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Letters to the Editor

GAMIT Poster Vandalism Intolerable

The vandalism directed against the Gays, Lesbians, Bisexuals, Trangenders, and Friends poster and Lobby 7 pillar comment sheets cannot be tolerated ["GAMITPosters Vandalized; Classified as Hate Crime'," Oct. 13]. We invite those who might have information about these acts to speak with the Campus Police or some other member of the community in a position to act on behalf of MIT.

A strong community can be measured by its treatment of those of its number who are vulnerable for any reason. Those who write "Kill the faggots" strike at the heart of this community and our response will be a measure of our collective strength. More importantly these hateful words strike at our brothers and sisters. We condemn those who have used them.

At the same time we believe that civility can be taught and those so callous as to deface these posters can learn tolerance. Our ultimate goal is not to punish those who have acted so unwisely. It is to remind them that in a community of scholars, learning is wise only to the degree that is it also humane.

The Office of the Dean for Undergraduate Education and Student Affairs

Simpson Evidence Demanded Acquittal

Seth Hollar '96 and Jeremy L. Warner '99 ["Rhetoric Triumphs over Justice in Trial," and "Simpson Verdict Proves Judicial System Ineffectual," Oct. 6] should follow their own suggestions to think logically about the O. J/ Simpson trial, rather than automatically assuming Simpson's guilt in the murders and dismissing the issues raised by the defense as mere rhetorical or emotional balderdash. The jury acted reasonably in coming to its conclusions.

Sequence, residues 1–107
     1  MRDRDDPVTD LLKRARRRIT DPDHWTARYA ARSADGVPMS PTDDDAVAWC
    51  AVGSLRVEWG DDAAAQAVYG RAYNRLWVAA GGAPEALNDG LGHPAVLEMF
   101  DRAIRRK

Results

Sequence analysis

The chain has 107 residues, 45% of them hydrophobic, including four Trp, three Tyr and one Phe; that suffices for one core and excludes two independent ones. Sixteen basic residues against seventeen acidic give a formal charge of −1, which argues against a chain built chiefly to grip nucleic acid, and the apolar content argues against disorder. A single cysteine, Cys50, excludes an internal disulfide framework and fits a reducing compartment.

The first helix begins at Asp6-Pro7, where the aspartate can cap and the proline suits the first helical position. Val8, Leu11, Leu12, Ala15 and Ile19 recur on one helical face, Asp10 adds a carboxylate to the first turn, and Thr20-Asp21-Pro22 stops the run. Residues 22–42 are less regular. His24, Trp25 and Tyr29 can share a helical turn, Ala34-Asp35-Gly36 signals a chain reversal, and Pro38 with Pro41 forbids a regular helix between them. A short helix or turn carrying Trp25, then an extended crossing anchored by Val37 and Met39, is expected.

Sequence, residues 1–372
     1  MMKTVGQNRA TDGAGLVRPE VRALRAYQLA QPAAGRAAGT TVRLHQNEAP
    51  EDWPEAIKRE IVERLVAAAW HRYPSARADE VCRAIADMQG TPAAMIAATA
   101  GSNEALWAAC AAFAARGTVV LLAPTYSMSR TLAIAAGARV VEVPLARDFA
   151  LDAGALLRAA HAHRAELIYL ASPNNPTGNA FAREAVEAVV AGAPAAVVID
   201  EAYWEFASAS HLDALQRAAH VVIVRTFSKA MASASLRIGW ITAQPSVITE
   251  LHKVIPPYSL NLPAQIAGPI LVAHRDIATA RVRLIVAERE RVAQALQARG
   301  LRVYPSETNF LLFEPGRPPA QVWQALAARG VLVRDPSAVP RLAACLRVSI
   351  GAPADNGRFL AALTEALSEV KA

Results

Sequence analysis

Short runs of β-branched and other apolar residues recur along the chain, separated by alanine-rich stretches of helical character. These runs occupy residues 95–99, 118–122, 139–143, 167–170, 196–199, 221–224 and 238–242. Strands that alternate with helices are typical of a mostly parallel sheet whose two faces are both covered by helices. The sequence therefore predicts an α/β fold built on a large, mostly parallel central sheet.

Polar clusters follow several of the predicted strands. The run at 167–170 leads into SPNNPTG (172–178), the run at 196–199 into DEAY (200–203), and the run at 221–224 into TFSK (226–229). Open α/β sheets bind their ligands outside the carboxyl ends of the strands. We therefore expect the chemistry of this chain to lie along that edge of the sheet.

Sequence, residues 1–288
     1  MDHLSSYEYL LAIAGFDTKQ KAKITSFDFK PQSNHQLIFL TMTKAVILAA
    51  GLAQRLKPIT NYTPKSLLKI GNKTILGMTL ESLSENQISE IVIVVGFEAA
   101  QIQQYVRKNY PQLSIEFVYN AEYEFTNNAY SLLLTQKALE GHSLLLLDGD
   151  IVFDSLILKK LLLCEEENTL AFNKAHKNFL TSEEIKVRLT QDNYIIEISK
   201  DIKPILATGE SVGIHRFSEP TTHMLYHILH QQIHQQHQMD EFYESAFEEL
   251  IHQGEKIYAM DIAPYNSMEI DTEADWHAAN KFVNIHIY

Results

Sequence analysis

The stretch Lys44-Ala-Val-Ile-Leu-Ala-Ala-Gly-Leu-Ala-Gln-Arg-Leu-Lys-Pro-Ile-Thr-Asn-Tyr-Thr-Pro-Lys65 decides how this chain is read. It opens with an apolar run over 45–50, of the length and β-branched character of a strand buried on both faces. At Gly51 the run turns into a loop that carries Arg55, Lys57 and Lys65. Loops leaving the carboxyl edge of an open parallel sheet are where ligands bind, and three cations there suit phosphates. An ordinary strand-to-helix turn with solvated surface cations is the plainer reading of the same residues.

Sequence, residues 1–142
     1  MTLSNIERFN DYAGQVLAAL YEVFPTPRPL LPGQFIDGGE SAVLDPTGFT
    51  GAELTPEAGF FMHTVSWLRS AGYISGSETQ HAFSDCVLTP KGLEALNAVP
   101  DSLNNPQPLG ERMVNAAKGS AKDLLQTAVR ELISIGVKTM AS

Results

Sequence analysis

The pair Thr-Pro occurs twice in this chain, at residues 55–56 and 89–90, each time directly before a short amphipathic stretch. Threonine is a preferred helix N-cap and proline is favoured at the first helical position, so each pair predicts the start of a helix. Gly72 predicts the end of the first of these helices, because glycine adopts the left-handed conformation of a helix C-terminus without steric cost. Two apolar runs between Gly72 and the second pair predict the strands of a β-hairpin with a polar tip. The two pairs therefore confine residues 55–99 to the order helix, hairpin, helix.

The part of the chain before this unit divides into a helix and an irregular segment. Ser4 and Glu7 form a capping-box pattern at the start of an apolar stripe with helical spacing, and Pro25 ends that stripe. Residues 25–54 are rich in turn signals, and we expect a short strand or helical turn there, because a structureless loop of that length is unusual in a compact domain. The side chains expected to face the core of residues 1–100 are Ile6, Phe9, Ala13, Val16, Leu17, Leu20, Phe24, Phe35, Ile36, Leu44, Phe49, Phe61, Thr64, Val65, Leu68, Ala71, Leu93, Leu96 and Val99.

Does Hollar really believe the issue of planting evidence to be mere rhetoric? Does he really believe "If it doesn't fit, you must acquit" to be a mere catch phrase? I would like to suggest an alternative possibility: If the glove didn't fit, then it wasn't Simpson's glove. It's possible that Simpson was faking when he had trouble putting on the glove. Or it might have shrunk while in police custody. But the prosecution must establish that either occurred; until they do, it casts a strong doubt about the evidence of the gloves.

It seems just too pat to find one blood-speckled glove at the scene of the crime and the other outside the entrance to Simpson's house. I have seen other hints that evidence was planted. Blood stains were found at Simpson's entry-way only weeks after the crime, but the detective claimed that he didn't search that area until then. Early in the trial, Judge Ito blasted the prosecution for dissembling or lying about investigators' motivations for initially breaking into Simpson's house. Some DNA tests weren't performed until many weeks after police had the material.

There were also at least two smoking guns: After drawing a vial of Simpson's blood at the police station, Officer Vannatter took the blood and drove around, eventually taking it to Simpson's house, before returning the blood to the police station. The vial contained less blood after the journey than was recorded in the documentation when the blood was extracted. The second smoking gun is that someone broke into Simpson's car while it was in custody in the police station.